Prepared for the
Conference of Presidents of Major American Jewish Organizations

in association with Access/Middle East
by the Jerusalem Center for Public Affairs
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DAILY ALERT

July 2, 2003

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info@prescon.org

In-Depth Issue:

First Fatah, Then Hamas - Amos Harel (Ha'aretz)
    Fatah is posing the biggest challenge to the PA. In the territories, primarily in Samaria, there are some 10-20 cells that do not heed PA directives.
    Dahlan and his people are in contact with the leaders in an attempt to harness them to the truce. Some of them are opposed to the truce, particularly because of the money they receive from Iran and Hizballah.
    On Monday, Channel 10 interviewed Zakariye Zweidi, one of the heads of the Tanzim's Shuhada al-Aqsa cell in Jenin. Zweidi expressed open contempt for Dahlan's people: "We will shoot anyone who tries to come in here," he promised.
    "Yasser Arafat is my commander, and I fulfill his directives. His mouth may speak of a hudna, but his eyes tell me the opposite," he said.
    According to Col. (res.) Shalom Harari, a top specialist on Palestinian affairs, the PLO had lost its status as the sole, legitimate representative of the Palestinians. Hamas has turned itself into an equal-footing competitor of the PA.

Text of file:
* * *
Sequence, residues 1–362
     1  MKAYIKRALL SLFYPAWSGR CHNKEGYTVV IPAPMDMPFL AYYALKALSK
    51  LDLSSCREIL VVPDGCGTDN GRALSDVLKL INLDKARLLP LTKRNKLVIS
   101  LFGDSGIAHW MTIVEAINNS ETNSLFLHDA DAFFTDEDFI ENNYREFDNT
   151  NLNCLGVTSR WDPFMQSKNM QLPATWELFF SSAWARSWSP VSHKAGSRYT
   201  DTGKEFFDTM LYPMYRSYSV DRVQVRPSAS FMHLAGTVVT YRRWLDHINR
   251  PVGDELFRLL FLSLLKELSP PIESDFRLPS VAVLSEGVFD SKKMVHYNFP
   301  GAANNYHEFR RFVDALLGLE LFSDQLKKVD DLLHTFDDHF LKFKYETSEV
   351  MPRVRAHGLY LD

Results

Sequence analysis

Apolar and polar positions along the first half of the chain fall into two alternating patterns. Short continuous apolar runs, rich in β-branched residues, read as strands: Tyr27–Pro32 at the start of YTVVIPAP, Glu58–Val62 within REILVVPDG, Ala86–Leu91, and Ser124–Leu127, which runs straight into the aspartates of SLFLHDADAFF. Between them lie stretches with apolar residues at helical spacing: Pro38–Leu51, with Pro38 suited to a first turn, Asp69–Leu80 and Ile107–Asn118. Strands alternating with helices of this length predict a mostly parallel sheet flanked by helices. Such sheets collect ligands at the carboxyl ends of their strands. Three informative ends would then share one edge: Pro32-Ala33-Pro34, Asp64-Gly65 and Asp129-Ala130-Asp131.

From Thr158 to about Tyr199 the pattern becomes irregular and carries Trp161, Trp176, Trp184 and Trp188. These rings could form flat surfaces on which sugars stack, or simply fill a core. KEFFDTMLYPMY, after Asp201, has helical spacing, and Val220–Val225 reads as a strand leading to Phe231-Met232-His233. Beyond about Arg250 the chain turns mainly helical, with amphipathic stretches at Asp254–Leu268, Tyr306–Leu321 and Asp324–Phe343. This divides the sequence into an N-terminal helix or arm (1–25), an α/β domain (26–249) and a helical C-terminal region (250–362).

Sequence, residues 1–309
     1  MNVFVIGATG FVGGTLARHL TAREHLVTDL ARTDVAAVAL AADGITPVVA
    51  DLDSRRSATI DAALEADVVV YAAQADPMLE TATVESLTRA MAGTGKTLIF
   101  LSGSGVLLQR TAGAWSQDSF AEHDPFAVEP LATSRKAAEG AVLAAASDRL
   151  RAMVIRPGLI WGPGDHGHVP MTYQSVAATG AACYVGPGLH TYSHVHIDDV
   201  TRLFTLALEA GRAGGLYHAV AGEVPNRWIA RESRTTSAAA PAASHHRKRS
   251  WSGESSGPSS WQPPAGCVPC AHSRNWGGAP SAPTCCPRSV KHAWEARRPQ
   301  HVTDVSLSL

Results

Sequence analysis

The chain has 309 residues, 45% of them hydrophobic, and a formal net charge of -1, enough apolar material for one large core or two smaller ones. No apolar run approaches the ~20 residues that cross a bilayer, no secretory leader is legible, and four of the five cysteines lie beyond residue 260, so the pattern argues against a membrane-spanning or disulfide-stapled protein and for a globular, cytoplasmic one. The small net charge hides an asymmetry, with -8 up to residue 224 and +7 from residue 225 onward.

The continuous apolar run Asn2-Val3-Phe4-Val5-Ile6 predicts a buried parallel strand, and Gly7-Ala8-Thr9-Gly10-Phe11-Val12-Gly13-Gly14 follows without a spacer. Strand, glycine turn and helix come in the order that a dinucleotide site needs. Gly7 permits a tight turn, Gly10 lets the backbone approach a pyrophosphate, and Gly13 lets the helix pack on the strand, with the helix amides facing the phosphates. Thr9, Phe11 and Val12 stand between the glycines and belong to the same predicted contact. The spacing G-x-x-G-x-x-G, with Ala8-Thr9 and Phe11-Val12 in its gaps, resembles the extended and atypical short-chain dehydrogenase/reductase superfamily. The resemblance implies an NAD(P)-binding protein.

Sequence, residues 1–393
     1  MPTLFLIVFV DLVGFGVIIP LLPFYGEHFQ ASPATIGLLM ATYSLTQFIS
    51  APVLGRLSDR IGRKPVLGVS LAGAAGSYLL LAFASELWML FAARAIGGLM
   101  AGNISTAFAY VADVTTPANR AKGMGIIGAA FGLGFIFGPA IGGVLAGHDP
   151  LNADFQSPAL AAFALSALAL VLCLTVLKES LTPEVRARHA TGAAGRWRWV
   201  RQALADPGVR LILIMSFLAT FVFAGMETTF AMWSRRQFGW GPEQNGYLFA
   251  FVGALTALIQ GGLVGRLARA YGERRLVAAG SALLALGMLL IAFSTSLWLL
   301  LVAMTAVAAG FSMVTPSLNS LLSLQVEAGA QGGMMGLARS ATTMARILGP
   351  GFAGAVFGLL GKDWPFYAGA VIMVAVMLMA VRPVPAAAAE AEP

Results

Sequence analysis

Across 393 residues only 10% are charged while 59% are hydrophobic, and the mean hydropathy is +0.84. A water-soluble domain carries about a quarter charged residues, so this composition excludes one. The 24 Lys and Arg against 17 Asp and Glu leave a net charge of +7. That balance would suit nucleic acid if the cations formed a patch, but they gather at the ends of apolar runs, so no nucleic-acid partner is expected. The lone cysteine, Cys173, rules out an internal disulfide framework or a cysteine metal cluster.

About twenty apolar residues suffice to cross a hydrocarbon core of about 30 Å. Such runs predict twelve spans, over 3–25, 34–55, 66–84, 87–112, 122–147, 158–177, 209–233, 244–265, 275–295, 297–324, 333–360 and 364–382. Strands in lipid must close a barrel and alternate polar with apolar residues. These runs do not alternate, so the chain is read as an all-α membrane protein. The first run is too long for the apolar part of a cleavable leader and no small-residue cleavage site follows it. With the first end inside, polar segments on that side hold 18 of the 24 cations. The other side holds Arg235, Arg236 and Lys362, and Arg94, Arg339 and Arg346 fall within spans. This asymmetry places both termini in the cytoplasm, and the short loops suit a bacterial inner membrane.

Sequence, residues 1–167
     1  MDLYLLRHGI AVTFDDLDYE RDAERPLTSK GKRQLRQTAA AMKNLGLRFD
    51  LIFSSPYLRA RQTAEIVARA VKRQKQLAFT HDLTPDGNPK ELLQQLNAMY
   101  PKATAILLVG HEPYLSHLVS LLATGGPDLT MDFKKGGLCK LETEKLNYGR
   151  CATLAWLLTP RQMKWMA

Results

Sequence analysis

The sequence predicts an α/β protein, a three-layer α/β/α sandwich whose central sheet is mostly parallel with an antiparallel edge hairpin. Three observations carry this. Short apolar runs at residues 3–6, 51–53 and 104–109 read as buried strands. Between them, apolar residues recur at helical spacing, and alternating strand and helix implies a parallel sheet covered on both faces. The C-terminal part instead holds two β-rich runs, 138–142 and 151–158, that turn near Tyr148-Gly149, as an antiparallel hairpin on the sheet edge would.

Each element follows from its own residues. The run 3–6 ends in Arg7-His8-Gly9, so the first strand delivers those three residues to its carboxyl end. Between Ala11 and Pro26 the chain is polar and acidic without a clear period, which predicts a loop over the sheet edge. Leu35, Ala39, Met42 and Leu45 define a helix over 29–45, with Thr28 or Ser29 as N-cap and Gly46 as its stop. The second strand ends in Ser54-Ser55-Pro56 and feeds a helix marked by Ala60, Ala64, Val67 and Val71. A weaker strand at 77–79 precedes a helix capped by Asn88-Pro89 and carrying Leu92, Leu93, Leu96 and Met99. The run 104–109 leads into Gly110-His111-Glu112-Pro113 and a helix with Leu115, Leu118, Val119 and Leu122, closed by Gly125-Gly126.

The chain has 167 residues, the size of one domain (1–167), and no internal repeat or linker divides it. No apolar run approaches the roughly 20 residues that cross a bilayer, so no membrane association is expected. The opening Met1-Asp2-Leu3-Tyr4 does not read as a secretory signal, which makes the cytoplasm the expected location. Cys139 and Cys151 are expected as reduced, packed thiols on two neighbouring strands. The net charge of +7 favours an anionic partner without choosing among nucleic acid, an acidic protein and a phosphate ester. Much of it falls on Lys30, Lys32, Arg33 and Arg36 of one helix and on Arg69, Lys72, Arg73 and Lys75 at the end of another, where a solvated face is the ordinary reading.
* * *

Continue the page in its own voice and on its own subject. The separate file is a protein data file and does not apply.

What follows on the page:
In a sign of cooperation, Taufik Tirawi's men arrested two terrorists from Bethlehem who were planning a suicide bombing in Jerusalem (and transferred them, in coordination with Israel, to the Palestinian prison in Jericho).


Bin Laden Still Wins Hearts in Saudi Arabia - Dominic Evans (Reuters/MSNBC)
    Abdullah, a 40-year-old trader in Riyadh and a Saudi admirer of Osama bin Laden, said bin Laden had overwhelming backing in Saudi Arabia. ''The level of support is 90 percent,'' he said.
    Other Saudis say backing for bin Laden has fallen sharply since the May 12 bombings of Western compounds in Riyadh.
    Abdullah said the September 11 attacks, which killed 3,000 people and were carried out by mainly Saudi hijackers, should be celebrated by a new Muslim festival. And he looked forward to fresh attacks on U.S. territory.
    ''What happened in Riyadh I hope won't be repeated....We hoped these operations could be carried out in the soil of the enemy's country. I expect an operation soon in the heart of America,'' he said.


Israel Freezes Out BBC Over "Biased" Reporting - Gwen Ackerman (Reuters)
    Israel said on Monday it had severed contacts with the BBC. One official described as the "last straw" a documentary called "Israel's Secret Weapon" on alleged nuclear and chemical arms programs.